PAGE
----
This past St. Patrick’s Day, Labor Department Secretary Thomas Perez told the public he was still studying the proposed fiduciary rule in response to comments that it would effectively leave millions of Americans without access to financial advice.

The concept of placing clients’ interest first is simple. Ethical advisors and brokers don’t challenge it. 

As Secretary Perez is learning, the devil is in the details. Virtually all of the independent advisors I’ve met went into this business because they wanted to help people and saw a huge need for a service that wasn’t there.

Had corporate America not started moving away from pension systems to defined contribution plans, it’s likely that the independent advisory business today would look more like it was—the investment counsel business for affluent people. It would also be a lot smaller.

By this time next year, a new administration could be strangling the fiduciary rule or the rule could be tied up by inevitable lawsuits and various injunctions in the courts. But forward-looking broker-dealers aren’t waiting for what might or might not happen. 

Instead, many are looking to streamline operations so their reps can continue to serve small accounts on a cost-effective basis. They also expect that products like annuities, which many middle-class Americans may need to make their money last over a 30-year retirement, will become cheaper.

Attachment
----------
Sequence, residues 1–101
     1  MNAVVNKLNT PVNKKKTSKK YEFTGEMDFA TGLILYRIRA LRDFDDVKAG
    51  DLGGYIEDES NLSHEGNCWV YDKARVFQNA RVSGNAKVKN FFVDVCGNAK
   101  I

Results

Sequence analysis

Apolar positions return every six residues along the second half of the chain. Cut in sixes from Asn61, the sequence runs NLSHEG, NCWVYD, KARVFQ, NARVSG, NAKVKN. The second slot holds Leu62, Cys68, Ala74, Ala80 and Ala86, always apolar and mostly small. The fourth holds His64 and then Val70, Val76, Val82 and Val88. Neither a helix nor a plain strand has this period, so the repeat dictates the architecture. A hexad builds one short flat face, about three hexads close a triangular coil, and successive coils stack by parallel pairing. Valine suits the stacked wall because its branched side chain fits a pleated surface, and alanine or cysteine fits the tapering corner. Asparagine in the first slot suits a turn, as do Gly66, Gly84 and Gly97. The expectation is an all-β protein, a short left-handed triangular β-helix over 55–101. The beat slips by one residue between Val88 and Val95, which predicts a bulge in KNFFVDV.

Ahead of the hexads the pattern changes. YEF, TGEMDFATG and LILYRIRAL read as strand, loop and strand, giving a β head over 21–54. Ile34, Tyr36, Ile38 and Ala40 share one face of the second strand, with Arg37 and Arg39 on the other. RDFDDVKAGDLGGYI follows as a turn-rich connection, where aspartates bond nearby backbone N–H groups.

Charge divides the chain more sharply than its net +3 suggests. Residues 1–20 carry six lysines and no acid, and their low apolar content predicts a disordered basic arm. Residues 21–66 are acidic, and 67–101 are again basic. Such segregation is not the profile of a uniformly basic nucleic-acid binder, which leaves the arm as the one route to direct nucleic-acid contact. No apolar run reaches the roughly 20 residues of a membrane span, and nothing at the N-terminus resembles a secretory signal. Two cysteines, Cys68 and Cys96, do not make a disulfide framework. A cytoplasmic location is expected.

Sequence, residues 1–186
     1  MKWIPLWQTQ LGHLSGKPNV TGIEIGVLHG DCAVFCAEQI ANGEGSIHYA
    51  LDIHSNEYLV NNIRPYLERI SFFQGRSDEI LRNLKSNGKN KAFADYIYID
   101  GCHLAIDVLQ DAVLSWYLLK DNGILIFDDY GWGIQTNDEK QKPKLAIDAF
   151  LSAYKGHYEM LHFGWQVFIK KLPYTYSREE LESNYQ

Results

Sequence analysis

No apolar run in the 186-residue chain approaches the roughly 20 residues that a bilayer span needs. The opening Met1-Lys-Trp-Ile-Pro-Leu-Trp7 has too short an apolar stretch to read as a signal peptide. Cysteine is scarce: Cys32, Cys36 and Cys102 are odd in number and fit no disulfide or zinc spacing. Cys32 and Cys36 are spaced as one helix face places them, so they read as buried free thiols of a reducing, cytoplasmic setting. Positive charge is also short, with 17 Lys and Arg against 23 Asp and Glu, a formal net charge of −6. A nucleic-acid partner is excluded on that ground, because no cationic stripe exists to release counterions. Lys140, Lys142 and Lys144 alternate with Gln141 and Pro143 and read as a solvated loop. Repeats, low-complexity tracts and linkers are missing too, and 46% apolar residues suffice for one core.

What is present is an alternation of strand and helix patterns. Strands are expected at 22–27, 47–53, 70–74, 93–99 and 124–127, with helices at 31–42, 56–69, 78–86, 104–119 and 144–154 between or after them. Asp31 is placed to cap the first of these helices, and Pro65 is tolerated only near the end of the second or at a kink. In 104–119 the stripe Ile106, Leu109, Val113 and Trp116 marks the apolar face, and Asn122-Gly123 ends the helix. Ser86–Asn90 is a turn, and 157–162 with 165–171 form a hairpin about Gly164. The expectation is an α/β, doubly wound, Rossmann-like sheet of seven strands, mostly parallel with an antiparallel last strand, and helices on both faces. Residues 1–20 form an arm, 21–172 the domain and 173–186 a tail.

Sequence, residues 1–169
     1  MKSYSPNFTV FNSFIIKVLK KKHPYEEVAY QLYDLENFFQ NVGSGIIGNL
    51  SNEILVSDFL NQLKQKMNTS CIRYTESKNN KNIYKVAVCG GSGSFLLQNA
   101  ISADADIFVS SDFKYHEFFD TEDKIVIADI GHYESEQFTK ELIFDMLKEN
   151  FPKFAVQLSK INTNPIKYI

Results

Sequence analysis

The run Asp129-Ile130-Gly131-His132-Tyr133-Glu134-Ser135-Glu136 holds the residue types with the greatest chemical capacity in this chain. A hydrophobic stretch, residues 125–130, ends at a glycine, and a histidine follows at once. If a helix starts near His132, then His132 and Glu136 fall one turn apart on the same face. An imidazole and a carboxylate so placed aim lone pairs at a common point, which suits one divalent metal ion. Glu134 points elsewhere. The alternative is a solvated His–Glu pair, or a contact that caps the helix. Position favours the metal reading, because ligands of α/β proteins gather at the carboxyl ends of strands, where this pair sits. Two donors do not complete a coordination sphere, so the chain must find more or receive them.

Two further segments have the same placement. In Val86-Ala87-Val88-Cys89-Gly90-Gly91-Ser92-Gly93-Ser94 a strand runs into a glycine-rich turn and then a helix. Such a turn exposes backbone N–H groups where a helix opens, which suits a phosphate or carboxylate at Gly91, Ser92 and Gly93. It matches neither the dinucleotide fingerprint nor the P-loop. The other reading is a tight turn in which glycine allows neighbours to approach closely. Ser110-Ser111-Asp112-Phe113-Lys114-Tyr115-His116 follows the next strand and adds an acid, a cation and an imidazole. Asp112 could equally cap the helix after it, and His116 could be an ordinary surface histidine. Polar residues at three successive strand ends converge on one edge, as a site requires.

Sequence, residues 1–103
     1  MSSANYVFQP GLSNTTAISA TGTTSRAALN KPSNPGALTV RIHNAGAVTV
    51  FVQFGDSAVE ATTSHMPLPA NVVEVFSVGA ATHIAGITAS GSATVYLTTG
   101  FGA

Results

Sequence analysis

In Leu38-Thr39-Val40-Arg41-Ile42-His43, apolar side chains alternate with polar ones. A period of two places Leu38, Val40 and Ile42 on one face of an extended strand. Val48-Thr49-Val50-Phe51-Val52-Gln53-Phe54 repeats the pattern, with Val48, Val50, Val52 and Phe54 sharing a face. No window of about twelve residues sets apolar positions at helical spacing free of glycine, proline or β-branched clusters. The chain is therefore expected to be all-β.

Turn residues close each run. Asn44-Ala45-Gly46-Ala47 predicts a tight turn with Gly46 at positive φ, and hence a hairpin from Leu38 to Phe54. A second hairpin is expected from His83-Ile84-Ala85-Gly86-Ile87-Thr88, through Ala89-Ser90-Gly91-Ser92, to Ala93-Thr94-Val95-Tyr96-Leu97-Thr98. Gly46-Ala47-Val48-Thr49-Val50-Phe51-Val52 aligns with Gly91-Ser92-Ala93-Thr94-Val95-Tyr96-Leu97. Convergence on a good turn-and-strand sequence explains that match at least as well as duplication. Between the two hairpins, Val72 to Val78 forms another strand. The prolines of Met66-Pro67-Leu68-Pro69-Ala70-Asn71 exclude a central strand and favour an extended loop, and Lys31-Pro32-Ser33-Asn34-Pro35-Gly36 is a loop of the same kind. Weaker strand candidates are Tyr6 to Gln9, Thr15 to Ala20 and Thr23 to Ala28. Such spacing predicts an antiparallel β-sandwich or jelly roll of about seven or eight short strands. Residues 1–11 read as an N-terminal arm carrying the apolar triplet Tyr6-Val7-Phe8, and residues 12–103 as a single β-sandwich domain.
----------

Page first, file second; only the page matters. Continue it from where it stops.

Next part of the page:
Independent brokerages understandably view the DOL rule as a major disruption to their business, but they might want to look back to their  own origins, which were pro-consumer in many ways. They emerged in the 1970s and 1980s as havens for representatives of wirehouses seeking alternatives to  mutual funds and other products. In those days, the independents were the disruptors.

Most of their reps wanted multiple solutions for their clients. They realized that while there was no single best fund for a client, they still could provide better answers than proprietary shops.

By the 1990s, the game was moving away from products toward advisory services, and the RIA model gained traction. This development spawned an entire ecosystem of service providers to help advisors offer clients an array of different solutions.

The most successful broker-dealers have been developing solutions to enable advisors to serve their clients more efficiently for several decades. But the DOL’s rule will inevitably prompt consolidation among both broker-dealers and their reps.

First « 1 2 » Next